With the collapse, a huge dust cloud rose over lower Manhattan. Visibility went down to zero. Brooklyn units that had come to Manhattan via the Battery Tunnel were stopped dead in their tracks. Personnel had to use SCBA just to be able to breathe. On the Brooklyn side, the radio dispatcher redirected all units going to Manhattan to the Brooklyn Bridge. By this time all bridges and tunnels into Manhattan were closed to all but emergency vehicles. Less than half an hour later this entire scenario played itself out again as 1 WTC fell.
The Field Comm unit is quartered with E207 in Brooklyn and is dispatched citywide on all greater alarms. The unit is staffed with two dispatchers and a field lieutenant. Three vehicles are available to this unit: a 1985 Mack heavy truck, a newer 1999 Freightliner van, and an older truck. The latter was taken to the WTC and became a victim of the collapse. Somehow, however, Field Comm staff managed to gather enough equipment to set up a makeshift command center despite the fact that one of their members was unaccounted for. What they needed most were additional units. The Department instituted off duty recall and went to a 24-hour on/24-hour off schedule for firefighters. All surplus firefighters staffed spare apparatus; anyone left over went to a rendezvous point to wait for assignment to the WTC.
As thousands of rescuers scoured Ground Zero in desperate attempts to rescue personnel and civilians from the immense rubble, we in the central offices were left with the unenviable task of trying to maintain fire coverage throughout the rest of the city. Just under 50% of the department’s entire resources were now deployed to the scene, resulting in many vacant firehouses. We tried as best we could to rearrange the few companies that were left. In addition to our dispatch staff, we also had our electricians and computer techs on hand, prepared to support us in the event of a power or computer failure.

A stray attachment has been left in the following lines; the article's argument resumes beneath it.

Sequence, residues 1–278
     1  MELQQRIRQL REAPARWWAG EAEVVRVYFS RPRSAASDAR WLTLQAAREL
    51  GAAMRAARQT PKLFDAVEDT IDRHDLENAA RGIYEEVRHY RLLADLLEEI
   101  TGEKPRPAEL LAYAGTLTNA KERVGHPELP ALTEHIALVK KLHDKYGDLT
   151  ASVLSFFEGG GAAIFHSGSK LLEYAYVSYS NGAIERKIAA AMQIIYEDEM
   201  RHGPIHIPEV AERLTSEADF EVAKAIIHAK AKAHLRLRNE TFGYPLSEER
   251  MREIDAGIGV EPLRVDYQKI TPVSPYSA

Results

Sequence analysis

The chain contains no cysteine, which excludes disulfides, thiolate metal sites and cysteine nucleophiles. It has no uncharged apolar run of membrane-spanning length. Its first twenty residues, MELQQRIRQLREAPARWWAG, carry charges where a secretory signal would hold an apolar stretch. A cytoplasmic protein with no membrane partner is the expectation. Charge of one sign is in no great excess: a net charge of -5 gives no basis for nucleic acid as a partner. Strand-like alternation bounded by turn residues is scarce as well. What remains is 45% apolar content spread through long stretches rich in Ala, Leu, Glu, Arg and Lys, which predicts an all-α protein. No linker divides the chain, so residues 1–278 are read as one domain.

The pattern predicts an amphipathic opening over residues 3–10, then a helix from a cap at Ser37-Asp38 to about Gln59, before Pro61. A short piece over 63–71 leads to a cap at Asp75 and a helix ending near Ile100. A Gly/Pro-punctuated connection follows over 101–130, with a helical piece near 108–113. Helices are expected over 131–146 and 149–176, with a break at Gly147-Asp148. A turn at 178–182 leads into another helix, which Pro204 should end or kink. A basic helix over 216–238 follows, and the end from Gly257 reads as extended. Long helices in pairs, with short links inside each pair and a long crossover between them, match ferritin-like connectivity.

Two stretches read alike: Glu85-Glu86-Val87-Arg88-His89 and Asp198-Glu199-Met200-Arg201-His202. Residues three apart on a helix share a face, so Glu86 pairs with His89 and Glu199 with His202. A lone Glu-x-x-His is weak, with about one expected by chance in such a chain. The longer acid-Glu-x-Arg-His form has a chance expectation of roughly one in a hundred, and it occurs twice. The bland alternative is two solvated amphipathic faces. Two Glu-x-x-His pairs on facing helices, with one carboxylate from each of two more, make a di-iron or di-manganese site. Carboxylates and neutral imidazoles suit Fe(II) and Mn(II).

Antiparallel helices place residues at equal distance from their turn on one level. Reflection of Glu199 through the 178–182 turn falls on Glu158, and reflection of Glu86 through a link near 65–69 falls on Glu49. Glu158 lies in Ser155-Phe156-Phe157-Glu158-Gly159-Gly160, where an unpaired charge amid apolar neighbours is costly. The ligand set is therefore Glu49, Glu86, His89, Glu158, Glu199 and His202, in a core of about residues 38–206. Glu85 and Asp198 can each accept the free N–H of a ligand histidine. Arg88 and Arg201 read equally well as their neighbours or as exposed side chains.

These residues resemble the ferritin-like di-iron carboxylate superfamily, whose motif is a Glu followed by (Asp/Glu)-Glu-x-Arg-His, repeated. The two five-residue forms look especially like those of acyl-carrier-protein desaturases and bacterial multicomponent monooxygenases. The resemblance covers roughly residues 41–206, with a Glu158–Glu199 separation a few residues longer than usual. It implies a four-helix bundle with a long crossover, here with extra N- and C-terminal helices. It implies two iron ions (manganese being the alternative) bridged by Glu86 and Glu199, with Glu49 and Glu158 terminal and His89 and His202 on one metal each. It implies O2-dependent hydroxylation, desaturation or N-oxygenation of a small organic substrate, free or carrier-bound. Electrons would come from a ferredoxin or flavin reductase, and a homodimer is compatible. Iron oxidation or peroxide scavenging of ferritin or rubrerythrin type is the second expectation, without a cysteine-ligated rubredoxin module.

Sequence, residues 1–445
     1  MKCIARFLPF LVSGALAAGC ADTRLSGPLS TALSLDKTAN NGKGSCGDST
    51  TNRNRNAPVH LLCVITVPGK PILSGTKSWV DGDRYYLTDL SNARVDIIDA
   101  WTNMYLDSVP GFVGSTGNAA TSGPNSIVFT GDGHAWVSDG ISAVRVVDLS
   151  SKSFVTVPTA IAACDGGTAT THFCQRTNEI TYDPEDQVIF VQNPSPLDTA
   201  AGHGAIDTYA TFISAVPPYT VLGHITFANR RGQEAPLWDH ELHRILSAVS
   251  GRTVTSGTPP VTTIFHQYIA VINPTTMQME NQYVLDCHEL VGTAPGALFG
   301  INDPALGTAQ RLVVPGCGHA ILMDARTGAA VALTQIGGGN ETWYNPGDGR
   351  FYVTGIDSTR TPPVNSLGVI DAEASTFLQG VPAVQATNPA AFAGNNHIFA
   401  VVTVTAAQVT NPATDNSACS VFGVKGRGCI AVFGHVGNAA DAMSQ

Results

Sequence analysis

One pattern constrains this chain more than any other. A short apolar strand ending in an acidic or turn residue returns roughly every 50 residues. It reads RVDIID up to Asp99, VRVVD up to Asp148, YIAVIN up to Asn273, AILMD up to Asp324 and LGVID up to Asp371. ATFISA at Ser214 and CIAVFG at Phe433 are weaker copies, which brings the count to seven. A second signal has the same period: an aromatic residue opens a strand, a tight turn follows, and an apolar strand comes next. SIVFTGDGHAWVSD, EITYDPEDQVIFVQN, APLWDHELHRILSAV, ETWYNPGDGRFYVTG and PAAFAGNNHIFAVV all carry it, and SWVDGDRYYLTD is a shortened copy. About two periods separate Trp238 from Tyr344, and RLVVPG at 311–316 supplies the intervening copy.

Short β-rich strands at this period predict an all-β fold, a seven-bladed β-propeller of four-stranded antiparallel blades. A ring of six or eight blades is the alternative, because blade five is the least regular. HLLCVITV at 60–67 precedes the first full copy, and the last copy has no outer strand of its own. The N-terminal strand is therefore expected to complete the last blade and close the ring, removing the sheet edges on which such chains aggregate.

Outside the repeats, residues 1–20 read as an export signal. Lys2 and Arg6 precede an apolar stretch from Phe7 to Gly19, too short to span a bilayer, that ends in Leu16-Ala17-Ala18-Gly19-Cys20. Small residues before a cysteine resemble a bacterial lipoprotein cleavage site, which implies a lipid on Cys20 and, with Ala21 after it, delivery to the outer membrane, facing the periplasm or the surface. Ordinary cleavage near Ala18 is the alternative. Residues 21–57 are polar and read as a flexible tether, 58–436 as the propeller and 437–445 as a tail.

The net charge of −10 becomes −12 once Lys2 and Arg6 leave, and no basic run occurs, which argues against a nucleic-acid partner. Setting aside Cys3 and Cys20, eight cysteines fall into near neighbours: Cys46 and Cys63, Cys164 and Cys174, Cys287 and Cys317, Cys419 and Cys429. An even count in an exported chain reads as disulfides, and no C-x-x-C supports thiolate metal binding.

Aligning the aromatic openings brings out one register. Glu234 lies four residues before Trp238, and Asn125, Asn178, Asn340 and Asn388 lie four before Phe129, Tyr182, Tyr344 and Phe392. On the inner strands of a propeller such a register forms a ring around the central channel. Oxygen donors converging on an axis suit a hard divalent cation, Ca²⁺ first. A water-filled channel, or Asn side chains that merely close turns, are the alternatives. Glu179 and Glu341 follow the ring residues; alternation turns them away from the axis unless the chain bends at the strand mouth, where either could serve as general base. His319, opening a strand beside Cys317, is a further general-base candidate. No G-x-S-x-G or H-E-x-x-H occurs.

As the day wore on, activity in the office began slowly to ebb; but the phones continued to ring. Relatives, spouses, and neighbors seeking information about their loved ones poured in. As before, our alarm receipt dispatchers had to bear the brunt of emotions coming from the phone lines. The missing Field Comm dispatcher was found, safe and uninjured. But hundreds of our firefighters and command staff were still missing and presumably buried beneath the ruined towers.
The Manhattan Central Office - one of five FDNY's dispatch centers located in each of the city's boroughs. Manhattan CO faced the brunt of the fire communications activity on September 11th, 2001.
I had to be in Brooklyn for the next shift so I went home at 2200 hours. Manhattan was strangely quiet. The streets were deserted. Times Square, normally bustling with activity, was a ghost town. Police were everywhere. As I entered the subway my imagination started acting up. What if there’s a bomb on the train? What if they’ve planted something in the tunnel? What if the train operator is a terrorist?